You are not alone. Your colleagues across the country are dealing with some of the same issues you deal with on a daily, weekly or monthly basis. Whether it’s the unruly behavior of middle school students or a driver with a substance-abuse problem, faulty equipment or a challenging school site issue, many of your peers experience the same challenges.
Keeping the lines of communication open — meaning sharing ideas to tackle these common and sometimes recurring problems — is the best policy. Furthermore, knowing exactly what to do before a problem occurs can mean the difference between futile panic or a tactfully approached solution.
In an online survey, we asked pupil transporters to identify their top safety concerns. The following list presents those concerns in the order that the 91 respondents ranked them. Additionally, we followed up with several respondents to uncover how they take on these challenges.
Share these ideas with your staff and neighboring districts or contractors. Working together to solve common problems is the best way to ensure that children stay safe on the way to and from school each day.
1. Stop-arm violations
As one of the leading causes of danger-zone fatalities, stop-arm violations show no signs of slowing down.
Drivers and attendants have to be more vigilant than ever when unloading students, especially near highways with shoulders where cars may pass on the right side of the school bus.
Many operations have involved law enforcement in an effort to curtail the problem. Ordinances have been passed through which drivers can receive hefty fines for first and repeat offenses, but even these have barely entered the radar for some commuters who are in a rush to get where they’re going. It’s all very frustrating to say the least.
David Stoeger, transportation specialist at Wyoming Child and Family Development in Guernsey, Wyo., has mixed feelings about the response from authorities near his operation. Drivers are instructed to complete a form whenever a violation occurs. The form, complete with the violator’s license plate number, is then turned over to police.
“Law enforcement is supposed to follow up, but they don’t,” Stoeger says. “It isn’t a real priority.” Stoeger has called for weeks trying to get results, but it has been to no avail. One officer told him the offender couldn’t be found, but Stoeger’s driver passes near the offender’s home and sees him during her route.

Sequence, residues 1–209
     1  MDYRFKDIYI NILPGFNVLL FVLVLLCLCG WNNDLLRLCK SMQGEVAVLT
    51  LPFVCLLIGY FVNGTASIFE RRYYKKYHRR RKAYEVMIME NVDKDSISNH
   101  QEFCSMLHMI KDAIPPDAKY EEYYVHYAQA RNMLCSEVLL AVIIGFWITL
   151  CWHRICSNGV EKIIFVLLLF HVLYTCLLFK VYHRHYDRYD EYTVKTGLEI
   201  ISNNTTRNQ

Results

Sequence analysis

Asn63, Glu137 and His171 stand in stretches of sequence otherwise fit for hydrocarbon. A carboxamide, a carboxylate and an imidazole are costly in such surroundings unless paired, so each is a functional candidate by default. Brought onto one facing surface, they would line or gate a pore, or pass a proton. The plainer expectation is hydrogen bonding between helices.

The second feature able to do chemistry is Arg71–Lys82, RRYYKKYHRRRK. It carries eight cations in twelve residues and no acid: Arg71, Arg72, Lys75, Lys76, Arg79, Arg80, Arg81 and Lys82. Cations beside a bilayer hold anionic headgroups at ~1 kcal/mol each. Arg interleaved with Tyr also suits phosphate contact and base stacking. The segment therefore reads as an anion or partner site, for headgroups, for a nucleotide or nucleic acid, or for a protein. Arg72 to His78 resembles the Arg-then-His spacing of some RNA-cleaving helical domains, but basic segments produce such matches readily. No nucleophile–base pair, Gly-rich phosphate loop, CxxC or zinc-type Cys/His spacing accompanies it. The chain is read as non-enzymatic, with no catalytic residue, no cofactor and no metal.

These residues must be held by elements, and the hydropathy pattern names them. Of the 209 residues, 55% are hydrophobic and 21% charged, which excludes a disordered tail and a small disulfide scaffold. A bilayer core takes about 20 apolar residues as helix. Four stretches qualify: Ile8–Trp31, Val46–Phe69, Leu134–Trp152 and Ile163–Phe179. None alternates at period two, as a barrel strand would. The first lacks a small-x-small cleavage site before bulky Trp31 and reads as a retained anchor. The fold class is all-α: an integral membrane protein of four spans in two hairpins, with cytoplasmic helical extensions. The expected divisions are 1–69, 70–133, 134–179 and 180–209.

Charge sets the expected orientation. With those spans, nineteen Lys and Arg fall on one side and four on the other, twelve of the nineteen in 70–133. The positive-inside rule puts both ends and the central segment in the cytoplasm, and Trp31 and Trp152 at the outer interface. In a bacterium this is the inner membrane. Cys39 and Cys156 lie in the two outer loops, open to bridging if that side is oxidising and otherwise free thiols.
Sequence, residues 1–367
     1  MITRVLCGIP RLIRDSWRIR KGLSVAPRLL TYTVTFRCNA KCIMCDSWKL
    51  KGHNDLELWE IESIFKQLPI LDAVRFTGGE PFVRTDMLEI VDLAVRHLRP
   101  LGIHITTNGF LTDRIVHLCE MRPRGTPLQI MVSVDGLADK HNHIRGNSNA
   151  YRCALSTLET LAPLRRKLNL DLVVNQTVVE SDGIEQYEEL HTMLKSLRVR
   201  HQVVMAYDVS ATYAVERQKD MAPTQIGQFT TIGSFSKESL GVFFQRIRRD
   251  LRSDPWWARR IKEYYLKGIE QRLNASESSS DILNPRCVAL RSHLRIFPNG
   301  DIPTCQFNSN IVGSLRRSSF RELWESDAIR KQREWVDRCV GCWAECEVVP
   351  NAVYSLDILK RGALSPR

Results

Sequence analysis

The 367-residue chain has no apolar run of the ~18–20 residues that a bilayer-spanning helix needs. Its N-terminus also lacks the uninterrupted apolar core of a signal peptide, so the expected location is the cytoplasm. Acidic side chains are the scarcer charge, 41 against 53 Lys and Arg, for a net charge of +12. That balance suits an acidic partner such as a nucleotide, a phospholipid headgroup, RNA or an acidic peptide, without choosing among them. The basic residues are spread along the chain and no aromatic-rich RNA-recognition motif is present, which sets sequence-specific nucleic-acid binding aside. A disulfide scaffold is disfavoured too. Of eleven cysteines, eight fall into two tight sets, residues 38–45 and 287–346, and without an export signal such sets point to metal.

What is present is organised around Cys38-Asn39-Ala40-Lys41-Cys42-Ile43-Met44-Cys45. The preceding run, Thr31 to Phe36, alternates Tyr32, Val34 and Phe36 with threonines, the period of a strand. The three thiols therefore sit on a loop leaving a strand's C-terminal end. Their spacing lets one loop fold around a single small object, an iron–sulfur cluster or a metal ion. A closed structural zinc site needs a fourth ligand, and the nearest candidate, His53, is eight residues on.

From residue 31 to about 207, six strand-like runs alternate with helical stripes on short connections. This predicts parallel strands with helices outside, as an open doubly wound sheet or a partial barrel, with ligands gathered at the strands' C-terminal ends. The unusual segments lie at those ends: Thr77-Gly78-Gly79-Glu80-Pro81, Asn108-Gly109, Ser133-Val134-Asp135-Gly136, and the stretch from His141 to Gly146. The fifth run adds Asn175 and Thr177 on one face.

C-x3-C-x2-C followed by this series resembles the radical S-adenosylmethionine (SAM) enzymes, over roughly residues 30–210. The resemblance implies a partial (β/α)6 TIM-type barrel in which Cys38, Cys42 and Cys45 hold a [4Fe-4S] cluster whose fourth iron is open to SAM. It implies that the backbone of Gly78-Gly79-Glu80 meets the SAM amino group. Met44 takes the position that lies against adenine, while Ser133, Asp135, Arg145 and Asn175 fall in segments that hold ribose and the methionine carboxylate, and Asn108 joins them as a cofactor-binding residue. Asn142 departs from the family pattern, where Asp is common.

Stoeger encourages his drivers to not lose hope and to continue doing their jobs. He calls the police weekly to check on the status of particular cases, engages the city attorney occasionally about the problem and has considered advances in technology, such as stop-arm cameras to help identify offenders.
2. Student behavior
Middle school students are the worst when it comes to poor student behavior, says Nancy Porzio, driver representative at Glastonbury (Conn.) Independent School District (GISD). Although middle school students aren’t the only ones behaving badly on school buses, they do hold the reputation for being the most visible in this area. The types of behavior, from walking in the aisles when the bus is moving to fighting, range from region to region and bus to bus. But the level of frustration these situations cause is pervasively high.
Ray Tinkey, driver trainer for First Student in Woodburn, Ore., sees great potential for liability when those who drive only for the paycheck sit behind the wheel of a bus with unruly students aboard. But the behavior of the driver is often tolerated because of a driver shortage.
“It’s tough not having manpower so that you can discipline drivers who don’t follow the rules,” Tinkey says. “Kids walk over these drivers, which leaves room for liability and poor safety standards.”
A driver’s duty is to mind the road and maintain order on the school bus.
“We’ve been informed to make paper trails,” says Porzio at GISD. “They say if we don’t do that, then there is no proof.”
Paper trails begin with referrals to school officials regarding the behavior of a particular student. A series of referrals should end with some meaningful action, beginning with warnings all the way up to suspension or a student losing his or her privilege to ride the bus.
Porzio says drivers have come up with their own solutions when they can’t get results from school administration. Some drivers turn down their radios, pull their buses over or drive to the nearest police station.
3. Properly trained drivers
Adults and children have similar learning styles; one of the most common is the need for repetition. Tracy Rothrock, a school bus driver and driver trainer at South Central Community Action Program, a Head Start in Bloomington, Ind., constantly reminds her drivers of the vital responsibilities they carry as school bus drivers. She’s unnerved by the rate of fatalities that occur in the danger zone, and she emphasizes to drivers the need to constantly check mirrors before moving the bus. Rothrock sees a level of variance in the way different operations train drivers and believes that there should be a universal training method.
Rothrock first noticed the inconsistencies through perusal of several school district Websites. “I’ve looked at other schools’ training Websites, and they are different,” she says.
While different geographical locations call for different measures, certainly some training requirements can be standardized.